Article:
Obama signs away your legal protections

With the signing of an under-publicized amendment to Executive Order 12425, Barack Obama has
fundamentally altered your constitutional rights. His actions are undermining your rights to
protect personal privacy from a foreign internationalist police agency named Interpol. A
one-paragraph executive order may seem inconsequential to many, but this action has
far-reaching implications and threatens the sovereignty of America.

Obama’s secretive executive order amended an order issued by President Reagan in 1983.
Reagan’s order recognized Interpol as an international organization and gave it privileges
and immunities commonly extended to foreign diplomats. Reagan opened the door to allow
Interpol to operate in partnership with the U.S. but with significant constitutional
safeguards. Specifically, Interpol’s property and assets remained subject to search and
seizure by American law enforcement, and its archived records remained subject to public
scrutiny under provisions of the Freedom of Information Act. Interpol had to answer to
the FBI and U.S. courts under Reagan’s order. These safeguards were stripped away by
Obama’s action the week before Christmas without debate or explanation. Obama picked
the holiday season to make this radical change, to minimize media coverage.

This order marks a significant change in federal policy and usurps the constitutional
power of our government by yielding it to an international organization. Michael van
Der Galien writes, “This foreign law-enforcement organization can operate free of an
important safeguard against government and abuse. Property and assets, including the
organization’s records, cannot now be searched or seized. Their physical operational
locations are now immune from U.S. legal and investigative authorities.”

Obama has given an international organization unsupervised freedom to investigate
Americans on our own soil without recourse or the supervision of our own government.

Obama has given an international organization unsupervised freedom to investigate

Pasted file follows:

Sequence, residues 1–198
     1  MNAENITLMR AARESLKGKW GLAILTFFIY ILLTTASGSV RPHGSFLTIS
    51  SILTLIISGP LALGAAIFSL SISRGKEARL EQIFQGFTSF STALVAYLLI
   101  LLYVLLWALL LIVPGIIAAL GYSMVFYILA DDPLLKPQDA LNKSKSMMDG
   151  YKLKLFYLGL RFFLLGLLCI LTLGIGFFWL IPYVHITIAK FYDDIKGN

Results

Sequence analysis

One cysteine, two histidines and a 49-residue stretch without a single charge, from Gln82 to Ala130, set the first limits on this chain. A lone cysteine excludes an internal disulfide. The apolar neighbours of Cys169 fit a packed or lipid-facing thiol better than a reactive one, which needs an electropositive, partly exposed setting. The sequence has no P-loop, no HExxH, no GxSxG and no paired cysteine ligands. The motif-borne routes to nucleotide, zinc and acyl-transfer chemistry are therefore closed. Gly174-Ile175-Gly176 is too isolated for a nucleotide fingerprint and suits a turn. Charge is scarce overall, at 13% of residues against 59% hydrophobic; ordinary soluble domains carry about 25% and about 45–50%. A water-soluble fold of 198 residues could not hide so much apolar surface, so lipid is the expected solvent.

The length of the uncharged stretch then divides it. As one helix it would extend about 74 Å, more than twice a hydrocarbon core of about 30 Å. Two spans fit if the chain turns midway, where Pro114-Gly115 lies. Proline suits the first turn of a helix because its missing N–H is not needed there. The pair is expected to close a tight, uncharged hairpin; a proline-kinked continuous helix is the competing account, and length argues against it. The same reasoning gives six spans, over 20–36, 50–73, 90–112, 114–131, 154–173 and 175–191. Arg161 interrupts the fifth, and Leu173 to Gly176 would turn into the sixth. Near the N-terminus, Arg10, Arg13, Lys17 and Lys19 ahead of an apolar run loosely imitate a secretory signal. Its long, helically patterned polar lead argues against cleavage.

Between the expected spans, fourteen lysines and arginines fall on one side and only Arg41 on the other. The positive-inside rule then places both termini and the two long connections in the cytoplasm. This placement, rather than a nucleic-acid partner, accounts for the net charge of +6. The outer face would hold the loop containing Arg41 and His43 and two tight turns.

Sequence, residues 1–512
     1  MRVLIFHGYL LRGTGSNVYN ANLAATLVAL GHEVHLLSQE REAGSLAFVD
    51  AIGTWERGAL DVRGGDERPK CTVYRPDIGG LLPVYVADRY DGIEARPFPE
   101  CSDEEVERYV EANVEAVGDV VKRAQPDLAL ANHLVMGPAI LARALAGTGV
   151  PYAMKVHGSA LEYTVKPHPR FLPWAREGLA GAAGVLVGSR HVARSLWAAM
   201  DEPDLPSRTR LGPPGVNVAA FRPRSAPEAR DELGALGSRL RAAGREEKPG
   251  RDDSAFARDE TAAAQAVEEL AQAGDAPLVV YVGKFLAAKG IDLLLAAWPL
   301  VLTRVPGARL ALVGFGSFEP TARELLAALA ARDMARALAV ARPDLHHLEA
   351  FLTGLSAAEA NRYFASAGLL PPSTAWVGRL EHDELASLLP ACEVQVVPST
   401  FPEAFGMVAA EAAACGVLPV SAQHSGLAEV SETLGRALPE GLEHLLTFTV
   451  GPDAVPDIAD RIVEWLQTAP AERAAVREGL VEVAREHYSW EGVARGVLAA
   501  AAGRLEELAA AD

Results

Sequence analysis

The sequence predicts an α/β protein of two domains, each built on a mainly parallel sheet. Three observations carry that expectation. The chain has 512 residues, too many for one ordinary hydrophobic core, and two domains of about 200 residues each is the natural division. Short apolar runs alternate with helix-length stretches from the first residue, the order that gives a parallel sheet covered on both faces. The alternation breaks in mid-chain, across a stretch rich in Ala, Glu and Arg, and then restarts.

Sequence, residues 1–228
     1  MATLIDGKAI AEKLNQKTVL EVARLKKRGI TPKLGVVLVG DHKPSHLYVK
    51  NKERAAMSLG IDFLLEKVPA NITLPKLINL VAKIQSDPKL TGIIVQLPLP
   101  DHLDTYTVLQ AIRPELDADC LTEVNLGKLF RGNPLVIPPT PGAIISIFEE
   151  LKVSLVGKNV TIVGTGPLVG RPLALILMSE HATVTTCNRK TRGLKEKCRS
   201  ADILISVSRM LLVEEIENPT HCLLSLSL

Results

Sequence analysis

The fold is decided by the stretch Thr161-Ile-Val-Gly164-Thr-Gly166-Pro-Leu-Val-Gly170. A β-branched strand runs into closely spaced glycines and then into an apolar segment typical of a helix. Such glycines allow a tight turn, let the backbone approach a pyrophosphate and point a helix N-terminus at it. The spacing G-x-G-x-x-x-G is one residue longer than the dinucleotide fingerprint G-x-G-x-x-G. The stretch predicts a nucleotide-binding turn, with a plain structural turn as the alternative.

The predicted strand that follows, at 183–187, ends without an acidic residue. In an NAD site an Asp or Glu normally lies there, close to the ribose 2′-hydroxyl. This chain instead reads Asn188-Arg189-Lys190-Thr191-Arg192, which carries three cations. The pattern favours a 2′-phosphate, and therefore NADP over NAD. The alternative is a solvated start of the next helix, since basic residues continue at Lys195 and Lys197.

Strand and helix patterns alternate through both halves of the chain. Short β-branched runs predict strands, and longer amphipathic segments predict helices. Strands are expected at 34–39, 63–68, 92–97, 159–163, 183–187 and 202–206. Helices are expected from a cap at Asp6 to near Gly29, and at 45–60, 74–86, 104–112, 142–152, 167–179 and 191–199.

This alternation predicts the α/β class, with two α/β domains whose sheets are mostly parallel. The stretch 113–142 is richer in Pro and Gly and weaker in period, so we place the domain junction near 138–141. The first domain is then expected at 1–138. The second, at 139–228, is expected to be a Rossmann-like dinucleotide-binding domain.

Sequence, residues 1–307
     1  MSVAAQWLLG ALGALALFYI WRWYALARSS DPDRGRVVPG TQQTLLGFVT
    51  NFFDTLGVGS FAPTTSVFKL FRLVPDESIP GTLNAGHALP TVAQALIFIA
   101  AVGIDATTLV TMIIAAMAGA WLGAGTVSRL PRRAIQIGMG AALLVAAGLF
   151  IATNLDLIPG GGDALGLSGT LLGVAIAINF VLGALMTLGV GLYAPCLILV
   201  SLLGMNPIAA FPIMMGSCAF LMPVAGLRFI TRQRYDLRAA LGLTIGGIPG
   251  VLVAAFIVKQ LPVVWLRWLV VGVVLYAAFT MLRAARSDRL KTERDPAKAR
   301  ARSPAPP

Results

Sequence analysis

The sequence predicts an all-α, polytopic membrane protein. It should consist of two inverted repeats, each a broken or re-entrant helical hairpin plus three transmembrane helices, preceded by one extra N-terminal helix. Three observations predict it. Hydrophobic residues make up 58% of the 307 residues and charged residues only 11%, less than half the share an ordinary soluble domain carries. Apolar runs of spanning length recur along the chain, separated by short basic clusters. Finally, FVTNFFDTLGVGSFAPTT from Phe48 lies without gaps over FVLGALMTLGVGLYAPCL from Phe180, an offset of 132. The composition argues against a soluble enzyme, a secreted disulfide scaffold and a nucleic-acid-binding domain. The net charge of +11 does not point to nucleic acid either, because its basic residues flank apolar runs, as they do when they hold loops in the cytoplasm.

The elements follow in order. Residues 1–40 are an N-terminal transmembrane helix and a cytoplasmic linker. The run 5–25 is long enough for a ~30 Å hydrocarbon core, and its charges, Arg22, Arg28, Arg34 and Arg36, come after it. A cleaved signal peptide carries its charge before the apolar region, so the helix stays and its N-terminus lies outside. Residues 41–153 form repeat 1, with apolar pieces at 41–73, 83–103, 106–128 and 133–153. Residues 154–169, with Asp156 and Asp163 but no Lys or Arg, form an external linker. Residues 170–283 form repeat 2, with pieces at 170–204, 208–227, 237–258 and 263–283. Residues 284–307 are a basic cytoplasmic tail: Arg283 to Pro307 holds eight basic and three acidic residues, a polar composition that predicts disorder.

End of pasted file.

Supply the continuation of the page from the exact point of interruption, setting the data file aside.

Americans on our own soil without recourse or the supervision of our own government.

Andy McCarthy writing for the National Review asks some very significant questions:
“Why would we elevate an international police force above American law? Why would we
immunize an international police force from the limitations that constrain the FBI and
other American law-enforcement agencies? Why is it suddenly necessary to have, within
the Justice Department, a repository for stashing government files which, therefore,
will be beyond the ability of Congress, American law-enforcement, the media and the
American people to scrutinize?”

Interpol is the enforcement arm of the International Criminal Court, or ICC. The
United States never signed onto the Rome Treaty, which created the ICC, because of
the potential for abuse by foreign interests. Obama has signaled he may sign the
treaty over these objections and subject Americans to prosecution overseas in the
ICC. This is harmful for two reasons. First, the U.S. Constitution clearly states
that it is the supreme law of our land, and allowing the ICC to supersede the U.S.
Constitution violates America’s sovereignty. Second, the War on Terror is unpopular
with Europeans, and the ICC may attempt to prosecute heroic American soldiers with
trumped-up war crimes. Obama is putting brave American men and women at grave risk.

An added wrinkle to this executive order is that Interpol’s operations center for
the United States is housed within our own Justice Department. Many of the agents
are Americans who work under the aegis of Interpol. This order has potentially created
the new civilian security force that Obama proposed during his campaign. This group of
law-enforcement officials is no longer subject to the restraints enshrined in the U.S.

The order guarantees that Interpol officers have immunity from prosecution for crimes
they may commit in the United States. Ironically, some Interpol nations are attempting
to try American intelligence agents for their work abroad in the War on Terror.

This order shows blatant disregard for the U.S. Constitution. While Obama is extending
due process rights to terrorists he is weakening those same rights for American citizens.
If a citizen were to be prosecuted by Interpol, their newly granted immunity would
interfere with the discovery process. Since Interpol files are immune to disclosure,
a citizen could be denied his right to see the information used to prosecute him or her.

Obama’s executive order has done more to weaken civil liberties than the much-maligned
Patriot Act. The silence in the mainstream media on this issue should scare all
freedom-loving Americans. Obama just signed away parts of our precious legal protections.

By Floyd Brown, Western Journalism

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